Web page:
### ODT Online Sat, 8 Oct 2011
Heritage building workshop planned
By David Loughrey
Communication between Dunedin building owners and the city council is strengthening, as the council works to help owners find ways to re-use the city’s stock of heritage buildings.
The council’s second annual one-day workshop for heritage building owners will be held on November 23. The theme this year is “After Christchurch: What to know about owning an older building”, with the free workshop targeting owners of non-residential buildings.
The first workshop, an initiative of the council’s heritage buildings economic re-use steering group, attracted more than 80 people last November, with numbers bolstered by concerns following the first major Christchurch earthquake. Council heritage policy planner Glen Hazelton said strong interest was expected again.
7.10.11 DCC Media Release
To register or for more information contact Glen Hazelton 477 4000 or email@example.com
• Speakers include Jason Ingham, from the University of Auckland and co-author of a report for the Canterbury Earthquakes Royal Commission entitled ‘The Performance of Unreinforced Masonry Buildings (URM) in the 2010/2011 Canterbury Earthquake Swarm’, Alan Race (Crombie Lockwood) on insurance matters, and Lou Robinson (Hadley Robinson) on earthquake strengthening.
• The New Zealand Historic Places Trust and Dunedin City Council will provide presentations, with the DCC outlining its new Earthquake-prone Buildings Policy and the range of incentives available to heritage building owners to assist earthquake strengthening.
• Steve Macknight of Steve Macknight Strengthening and Design and Lawrie Forbes of Zeal Steel, will conduct site visits to earthquake strengthening projects.
Workshop for Heritage Building Owners Information Flyer (PDF, 219.6 KB)
Posted by Elizabeth Kerr
Filed under Architecture, Construction, DCC, Design, Economics, Geography, Heritage, Inspiration, People, Project management, Site, Town planning, Urban design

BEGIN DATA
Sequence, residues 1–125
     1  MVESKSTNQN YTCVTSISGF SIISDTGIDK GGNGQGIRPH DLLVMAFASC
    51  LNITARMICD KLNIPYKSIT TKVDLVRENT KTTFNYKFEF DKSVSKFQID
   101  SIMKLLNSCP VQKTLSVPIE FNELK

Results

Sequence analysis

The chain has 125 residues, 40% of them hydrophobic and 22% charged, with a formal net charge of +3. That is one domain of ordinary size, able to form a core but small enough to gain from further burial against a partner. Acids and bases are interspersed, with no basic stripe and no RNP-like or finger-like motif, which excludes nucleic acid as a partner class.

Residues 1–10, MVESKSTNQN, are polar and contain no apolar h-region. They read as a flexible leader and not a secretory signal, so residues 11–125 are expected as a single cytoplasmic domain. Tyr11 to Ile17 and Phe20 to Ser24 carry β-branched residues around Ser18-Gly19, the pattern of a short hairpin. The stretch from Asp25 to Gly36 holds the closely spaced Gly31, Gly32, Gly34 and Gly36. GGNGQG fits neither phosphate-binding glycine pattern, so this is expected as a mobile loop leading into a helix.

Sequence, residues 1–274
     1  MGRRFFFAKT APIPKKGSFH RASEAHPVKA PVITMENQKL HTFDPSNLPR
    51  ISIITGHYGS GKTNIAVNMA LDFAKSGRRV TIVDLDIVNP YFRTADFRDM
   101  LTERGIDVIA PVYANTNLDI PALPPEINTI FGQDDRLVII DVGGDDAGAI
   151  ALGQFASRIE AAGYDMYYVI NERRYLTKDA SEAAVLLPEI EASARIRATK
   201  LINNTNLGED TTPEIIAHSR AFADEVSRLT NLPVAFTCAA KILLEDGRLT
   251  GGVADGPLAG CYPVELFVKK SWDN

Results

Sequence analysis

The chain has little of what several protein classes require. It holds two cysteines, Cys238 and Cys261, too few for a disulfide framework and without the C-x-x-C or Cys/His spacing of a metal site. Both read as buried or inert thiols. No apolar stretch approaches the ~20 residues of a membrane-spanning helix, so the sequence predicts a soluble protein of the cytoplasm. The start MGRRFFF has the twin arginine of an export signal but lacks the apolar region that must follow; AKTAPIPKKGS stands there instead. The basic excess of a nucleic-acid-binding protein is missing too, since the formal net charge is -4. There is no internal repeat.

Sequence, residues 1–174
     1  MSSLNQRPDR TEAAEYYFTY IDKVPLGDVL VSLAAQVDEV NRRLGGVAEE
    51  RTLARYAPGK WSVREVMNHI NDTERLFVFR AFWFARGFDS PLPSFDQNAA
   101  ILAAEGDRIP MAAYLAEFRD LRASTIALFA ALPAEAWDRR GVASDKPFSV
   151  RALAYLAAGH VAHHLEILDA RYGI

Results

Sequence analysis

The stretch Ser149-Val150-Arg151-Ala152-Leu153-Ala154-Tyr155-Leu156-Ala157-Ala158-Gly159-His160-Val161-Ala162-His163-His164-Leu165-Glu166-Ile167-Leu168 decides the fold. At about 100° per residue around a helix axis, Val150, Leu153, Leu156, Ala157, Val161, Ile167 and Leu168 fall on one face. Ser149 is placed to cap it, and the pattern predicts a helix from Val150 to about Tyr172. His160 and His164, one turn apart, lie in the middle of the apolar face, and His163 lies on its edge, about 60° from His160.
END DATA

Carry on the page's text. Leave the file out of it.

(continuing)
### switchboard.nrdc.org Posted September 22, 2011
A spectacular green neighbourhood is brewing in Milwaukee
By Kaid Benfield (Blog)
Milwaukee’s newest trendy neighbourhood is likely to become one of its best, and almost certainly its greenest. The Brewery, an environmentally sensitive restoration and adaptation of historic structures among the decaying wreckage of the former Pabst Brewing Company, is already home to striking residential lofts, a great beer hall, a range of offices, Cardinal Stritch University City Centre, and a small urban park. Soon it will add a senior living facility and the School of Public Health of the University of Wisconsin-Milwaukee. Look for more residential and commercial presence, including a boutique hotel, retail and restaurants, over time.
The Brewery, when built out (courtesy of The Brewery)
The seven-block, 20-acre project [plans] involved the restoration and adaptive reuse of an amazing 26 structures listed on the National Register of Historic Places, surely making it one of the most ambitious historic preservation projects in the country. It also involved extensive brownfield cleanup; had a great location within walking distance of Milwaukee’s downtown; planned aggressive use of green infrastructure to manage stormwater; planned to set aside some apartments for qualifying low-income families; and included standards for high-performing green buildings.
The site before construction (image by Jeramey Jannene)
The Brewery was also strongly supported by the city government in what has been the largest public-private partnership in Milwaukee’s history. When the site is fully built out, it is expected to include at least 300 homes and some 1.3 million square feet of office and retail property.
-Kaid Benfield writes (almost) daily about community, development, and the environment.
Posted by Elizabeth Kerr